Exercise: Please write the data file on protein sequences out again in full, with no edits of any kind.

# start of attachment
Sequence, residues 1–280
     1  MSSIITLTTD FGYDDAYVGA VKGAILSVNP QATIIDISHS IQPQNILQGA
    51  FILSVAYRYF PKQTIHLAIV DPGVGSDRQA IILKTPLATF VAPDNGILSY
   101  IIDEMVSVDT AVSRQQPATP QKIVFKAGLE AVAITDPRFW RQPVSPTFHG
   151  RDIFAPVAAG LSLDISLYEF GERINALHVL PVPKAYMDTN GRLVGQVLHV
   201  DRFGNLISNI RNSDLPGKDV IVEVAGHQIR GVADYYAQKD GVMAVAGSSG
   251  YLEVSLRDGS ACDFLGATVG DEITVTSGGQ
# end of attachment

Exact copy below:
Sequence, residues 1–280
     1  MSSIITLTTD FGYDDAYVGA VKGAILSVNP QATIIDISHS IQPQNILQGA
    51  FILSVAYRYF PKQTIHLAIV DPGVGSDRQA IILKTPLATF VAPDNGILSY
   101  IIDEMVSVDT AVSRQQPATP QKIVFKAGLE AVAITDPRFW RQPVSPTFHG
   151  RDIFAPVAAG LSLDISLYEF GERINALHVL PVPKAYMDTN GRLVGQVLHV
   201  DRFGNLISNI RNSDLPGKDV IVEVAGHQIR GVADYYAQKD GVMAVAGSSG
   251  YLEVSLRDGS ACDFLGATVG DEITVTSGGQ